Taylor Wimpey West London appointed Patrick Parsons, to deliver geo-environmental, civil & structural engineering consultancy on their Stanhope Gardens development in Aldershot, Hampshire.
This project is part of a wider development on the site of a former military barracks, from the overall site developer Grainger. The development features various parcels of land, which has schemes from several housing developers. The Taylor Wimpey portion of the development comprises of 430 residential homes, being delivered across 3 phases. The accommodation will provide a mix of 2, 3, 4 and 5 bedroom houses, as well as 9 blocks of flats up to 3 storeys in height with 1 & 2 bedroom apartments.
Our team became involved in Stanhope Gardens when we were invited to carry out a peer review of the Phase 2 level strategy, as the client wasn’t happy with the number of steps and retaining walls in the original design. The incumbent engineer had also made errors in the private and adoptable drainage design. Our team produced a new design that drastically improved on the original proposal, and Taylor Wimpey appointed our engineering team as a result.
Patrick Parsons successfully overcame the problems inherited from the previous engineer to deliver effective solutions for Taylor Wimpey. On completion, this Taylor Wimpey residential development will deliver an exciting new neighbourhood, a short distance from a vibrant community full of shops leisure facilities and green open spaces.
Civil services included:
- Paving details levels
- drainage design
- Retaining walls
- Section 38
- Highway adoption
Structural services included:
- Apartment block building superstructure
- Retaining wall design
Patrick Parsons involvement with Stanhope Gardens, started after the full substructure design had been issued by the previous engineer on the scheme. Construction was already underway with some of the roads and houses having already been built, which presented several challenges. As a result, our civils team had to be innovative whilst keeping to adoptable standards and working within very stringent planning conditions. Utilising our extensive experience and a creative approach, a new drainage design was achieved using what had previously already been constructed in the ground.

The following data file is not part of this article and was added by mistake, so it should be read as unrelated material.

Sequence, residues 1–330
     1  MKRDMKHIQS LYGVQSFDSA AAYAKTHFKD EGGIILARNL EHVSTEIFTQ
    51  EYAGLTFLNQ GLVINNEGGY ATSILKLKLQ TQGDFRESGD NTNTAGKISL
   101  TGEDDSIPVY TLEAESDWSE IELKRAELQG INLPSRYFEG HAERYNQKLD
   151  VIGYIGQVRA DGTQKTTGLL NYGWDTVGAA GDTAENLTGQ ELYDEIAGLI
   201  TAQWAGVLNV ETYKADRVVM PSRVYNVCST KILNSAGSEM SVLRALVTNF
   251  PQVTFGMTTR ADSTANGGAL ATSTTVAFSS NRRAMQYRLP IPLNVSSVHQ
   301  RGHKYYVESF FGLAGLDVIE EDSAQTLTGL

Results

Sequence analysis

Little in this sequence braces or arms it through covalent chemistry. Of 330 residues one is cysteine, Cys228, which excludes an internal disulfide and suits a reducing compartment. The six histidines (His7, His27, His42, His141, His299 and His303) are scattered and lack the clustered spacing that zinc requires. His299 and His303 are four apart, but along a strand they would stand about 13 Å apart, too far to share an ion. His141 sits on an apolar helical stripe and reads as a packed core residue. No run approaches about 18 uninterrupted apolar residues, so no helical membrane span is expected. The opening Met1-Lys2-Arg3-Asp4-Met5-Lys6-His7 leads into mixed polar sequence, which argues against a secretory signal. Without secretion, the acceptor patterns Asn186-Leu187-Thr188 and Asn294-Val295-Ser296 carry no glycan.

One of the planning conditions detailed that a specific amount of Sustainable Urban Drainage Systems needed to be delivered within the development. Unfortunately, this hadn’t been satisfied by the previous consultant and needed to be rectified. In addition to this planning also outlined that the parking bays were to be made of permeable paving. This hadn’t been adhered to and the parking bays had begun to be constructed in Asphalt, which is impermeable. To mitigate the absence of the permeable paving, which helps remove pollutants, pollution prevention devices were installed to remove contaminants from the water. These innovative devices use the flow of the water to create a vortex within the manhole that centrifuge out all the impurities before discharging into the next sewer.
Our structural engineering team also faced a few challenges during this project. Involvement originally included revision of the substructure for those plots effected by the levels strategy revision undertaken by the civils team only. However, as construction progressed the strata encountered under many of the plots was not suitable for the shallow footings proposed by the previous engineer to be used. As a result, Patrick Parsons was asked to revise the substructure design, to either deepened trench fill, some including a reduced level dig, or piled foundations.
A number of obstructions were also encountered within the ground which required redesign of the substructure. As the request for a change of substructure design was often required to be undertaken in a short period of time, we recommended additional testing of the ground conditions was undertaken for the Phase 3 package of works. This included dynamic probing under all Phase 3 plots. Using the data collected by our geo-environmental team, we were able to provide a substructure redesign for the plots within this area.